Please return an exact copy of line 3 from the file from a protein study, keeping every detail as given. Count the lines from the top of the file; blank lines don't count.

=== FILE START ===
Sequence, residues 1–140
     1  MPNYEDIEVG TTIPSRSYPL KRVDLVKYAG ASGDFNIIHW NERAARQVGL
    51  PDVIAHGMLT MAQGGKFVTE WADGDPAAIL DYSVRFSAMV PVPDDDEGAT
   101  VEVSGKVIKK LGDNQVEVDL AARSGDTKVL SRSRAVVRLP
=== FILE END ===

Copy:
    51  PDVIAHGMLT MAQGGKFVTE WADGDPAAIL DYSVRFSAMV PVPDDDEGAT